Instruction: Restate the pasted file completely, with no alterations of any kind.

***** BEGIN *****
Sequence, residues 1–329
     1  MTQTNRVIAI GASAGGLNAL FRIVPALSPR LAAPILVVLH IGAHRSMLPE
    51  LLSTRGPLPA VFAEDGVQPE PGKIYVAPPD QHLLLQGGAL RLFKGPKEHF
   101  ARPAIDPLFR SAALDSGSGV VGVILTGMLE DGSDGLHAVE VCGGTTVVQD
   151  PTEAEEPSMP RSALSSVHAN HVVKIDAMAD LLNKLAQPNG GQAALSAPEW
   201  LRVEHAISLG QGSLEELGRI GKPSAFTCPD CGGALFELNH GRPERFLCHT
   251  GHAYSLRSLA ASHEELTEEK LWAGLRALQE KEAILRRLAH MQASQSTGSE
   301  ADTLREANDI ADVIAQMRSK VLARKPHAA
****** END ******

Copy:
Sequence, residues 1–329
     1  MTQTNRVIAI GASAGGLNAL FRIVPALSPR LAAPILVVLH IGAHRSMLPE
    51  LLSTRGPLPA VFAEDGVQPE PGKIYVAPPD QHLLLQGGAL RLFKGPKEHF
   101  ARPAIDPLFR SAALDSGSGV VGVILTGMLE DGSDGLHAVE VCGGTTVVQD
   151  PTEAEEPSMP RSALSSVHAN HVVKIDAMAD LLNKLAQPNG GQAALSAPEW
   201  LRVEHAISLG QGSLEELGRI GKPSAFTCPD CGGALFELNH GRPERFLCHT
   251  GHAYSLRSLA ASHEELTEEK LWAGLRALQE KEAILRRLAH MQASQSTGSE
   301  ADTLREANDI ADVIAQMRSK VLARKPHAA